Russian Foreign Minister Sergei Lavrov's trip to Africa sought solidarity with his hosts as the West piles pressure over its invasion of Ukraine, which has led to food and fuel price hikes with Africa and other least developed continents feeling the pinch.
Lavrov, the first top Kremlin diplomat to visit Africa since the crisis was in the Republic of Congo, Egypt, Uganda, and Ethiopia.
Rafael Loss, an Analyst focused on German and European foreign and security policy told VOA from Brussels that the agenda was to ''influence'' foreign policy.
''Countries like Egypt, Republic of the Congo, Uganda, and Ethiopia depend on Russian and Ukrainian grain imports, so I think (Sergei) Lavrov's trip should be seen as trying to position Russia in this global battle of the narrative over the food crisis'', he said.
Loss said a deal brokered by the United Nations, Turkey, Ukraine, and Russia to allow grain exports through the Black Sea could lessen the potential of a food crisis this year.
The analyst added "But we also saw that the day after the agreement was signed, Russian forces struck the harbor of Odessa. This violates the spirit of the agreement."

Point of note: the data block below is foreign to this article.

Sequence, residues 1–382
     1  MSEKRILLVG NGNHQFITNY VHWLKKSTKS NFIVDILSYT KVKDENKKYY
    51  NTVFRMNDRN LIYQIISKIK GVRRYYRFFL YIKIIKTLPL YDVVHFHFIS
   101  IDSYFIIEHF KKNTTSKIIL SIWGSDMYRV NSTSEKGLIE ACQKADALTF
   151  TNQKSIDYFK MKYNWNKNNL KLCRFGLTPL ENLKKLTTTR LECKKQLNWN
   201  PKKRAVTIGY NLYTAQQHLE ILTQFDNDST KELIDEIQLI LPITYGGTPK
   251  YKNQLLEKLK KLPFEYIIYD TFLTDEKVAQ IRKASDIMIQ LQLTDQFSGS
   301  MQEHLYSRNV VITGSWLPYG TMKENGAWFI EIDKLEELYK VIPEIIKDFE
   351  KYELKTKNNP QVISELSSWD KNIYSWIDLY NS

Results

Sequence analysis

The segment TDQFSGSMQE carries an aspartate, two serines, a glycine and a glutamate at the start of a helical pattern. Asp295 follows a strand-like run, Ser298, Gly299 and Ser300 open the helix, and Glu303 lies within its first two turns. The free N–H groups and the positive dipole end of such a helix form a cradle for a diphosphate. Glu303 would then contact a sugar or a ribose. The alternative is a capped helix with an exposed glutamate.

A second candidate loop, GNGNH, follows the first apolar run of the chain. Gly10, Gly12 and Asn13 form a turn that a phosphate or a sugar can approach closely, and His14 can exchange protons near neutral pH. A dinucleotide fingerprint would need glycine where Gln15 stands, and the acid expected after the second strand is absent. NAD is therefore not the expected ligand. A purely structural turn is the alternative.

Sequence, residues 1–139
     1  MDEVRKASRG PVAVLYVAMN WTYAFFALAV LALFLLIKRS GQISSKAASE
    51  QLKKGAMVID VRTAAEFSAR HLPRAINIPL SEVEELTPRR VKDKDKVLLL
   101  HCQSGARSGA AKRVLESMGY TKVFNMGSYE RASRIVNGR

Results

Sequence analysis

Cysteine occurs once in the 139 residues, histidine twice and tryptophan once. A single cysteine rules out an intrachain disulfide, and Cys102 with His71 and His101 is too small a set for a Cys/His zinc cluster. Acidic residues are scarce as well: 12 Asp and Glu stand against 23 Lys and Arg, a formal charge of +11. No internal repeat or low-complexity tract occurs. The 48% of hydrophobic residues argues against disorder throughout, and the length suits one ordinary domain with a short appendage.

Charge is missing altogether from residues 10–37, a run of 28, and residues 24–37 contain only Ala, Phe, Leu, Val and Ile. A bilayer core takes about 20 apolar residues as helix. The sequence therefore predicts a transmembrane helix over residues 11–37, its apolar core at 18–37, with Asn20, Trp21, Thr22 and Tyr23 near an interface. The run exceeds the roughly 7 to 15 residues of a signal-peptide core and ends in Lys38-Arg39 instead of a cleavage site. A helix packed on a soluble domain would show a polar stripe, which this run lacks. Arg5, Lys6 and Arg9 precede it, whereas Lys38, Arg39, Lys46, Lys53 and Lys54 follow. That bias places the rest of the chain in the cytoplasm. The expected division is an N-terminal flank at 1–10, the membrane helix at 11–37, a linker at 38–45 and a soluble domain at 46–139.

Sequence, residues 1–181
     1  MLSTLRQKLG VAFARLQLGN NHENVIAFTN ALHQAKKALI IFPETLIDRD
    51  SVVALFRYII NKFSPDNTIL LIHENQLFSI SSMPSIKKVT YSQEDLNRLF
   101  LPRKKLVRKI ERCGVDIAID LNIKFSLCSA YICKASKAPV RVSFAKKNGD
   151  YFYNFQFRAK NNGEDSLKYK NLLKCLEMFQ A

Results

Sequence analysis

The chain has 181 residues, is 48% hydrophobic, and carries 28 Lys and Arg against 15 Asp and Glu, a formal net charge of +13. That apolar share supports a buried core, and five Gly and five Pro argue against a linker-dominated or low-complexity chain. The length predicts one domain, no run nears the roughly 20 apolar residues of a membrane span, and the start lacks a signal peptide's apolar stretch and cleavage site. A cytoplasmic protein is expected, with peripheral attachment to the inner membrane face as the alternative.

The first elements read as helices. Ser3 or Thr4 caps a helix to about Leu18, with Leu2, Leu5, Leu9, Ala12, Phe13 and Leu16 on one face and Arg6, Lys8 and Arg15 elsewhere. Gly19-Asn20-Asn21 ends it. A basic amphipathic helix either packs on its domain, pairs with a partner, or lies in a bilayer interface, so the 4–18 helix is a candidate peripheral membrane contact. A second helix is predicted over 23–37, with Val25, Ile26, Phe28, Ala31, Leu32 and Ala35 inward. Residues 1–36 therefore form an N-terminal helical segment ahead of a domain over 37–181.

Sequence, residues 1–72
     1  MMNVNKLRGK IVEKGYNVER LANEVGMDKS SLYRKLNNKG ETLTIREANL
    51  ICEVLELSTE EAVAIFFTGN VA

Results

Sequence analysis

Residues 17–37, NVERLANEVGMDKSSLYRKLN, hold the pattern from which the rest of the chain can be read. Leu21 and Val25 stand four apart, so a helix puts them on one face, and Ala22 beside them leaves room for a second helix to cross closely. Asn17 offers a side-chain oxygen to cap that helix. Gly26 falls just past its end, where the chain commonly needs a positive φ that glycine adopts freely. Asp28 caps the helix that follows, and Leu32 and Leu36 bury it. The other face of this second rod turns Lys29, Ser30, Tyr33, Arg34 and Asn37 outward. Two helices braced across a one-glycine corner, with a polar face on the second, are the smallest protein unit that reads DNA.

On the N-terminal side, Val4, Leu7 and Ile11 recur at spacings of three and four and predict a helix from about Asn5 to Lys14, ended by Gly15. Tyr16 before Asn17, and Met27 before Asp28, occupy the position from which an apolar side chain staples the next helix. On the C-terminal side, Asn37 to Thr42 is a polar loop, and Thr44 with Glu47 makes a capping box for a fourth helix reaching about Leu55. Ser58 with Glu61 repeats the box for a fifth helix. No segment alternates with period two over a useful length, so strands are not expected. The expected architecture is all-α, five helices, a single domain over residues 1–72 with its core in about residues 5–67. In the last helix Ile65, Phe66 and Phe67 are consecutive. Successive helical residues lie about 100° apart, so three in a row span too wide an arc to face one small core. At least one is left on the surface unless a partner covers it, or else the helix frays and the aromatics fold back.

Steven Horrell, senior fellow at the Center for European Policy Analysis (CEPA) told VOA the Kremlin is well aware of the damage of the food crisis to its image in Africa, hence the visit to try to sway the narrative and perceptions.
''Sergei Lavrov's message is that Moscow is the multipolar world power - the alternative of the U.S, West, and Europe. They are going to continue on the theme that the West and Europe are the colonizers. Those themes play well throughout the global south'', he said.
Analyst Loss said the history of European-African relations and colonialism, which are still attached to a number of bilateral and AU relations may be informing the non-alignment movement posture by most African states on the Russia-Ukraine conflict.
Horrell also stated ''Any depiction of this recent (grain export) deal would be about Russia, (presenting itself as the) magnanimous benefactor of African nations, and more oppressed nations everywhere. This is blatantly false, but it's still a messaging tactic that gets traction in Africa and the rest of the global south."
Okello Oryem, Uganda's State Minister for Foreign Affairs told VOA's Swahili Service that Africa will not be ''used'' to support any sides in the war. He said Kampala will not join other Western or European nations in sanctioning Moscow, saying ''There's nothing special about Western sanctions."
''Stop using Africa as a means to get Africa to support or take sides in this conflict or the means to get out of this conflict. We don't want to be part of it'', he said, adding that ''They should dialogue (for) a peaceful resolution."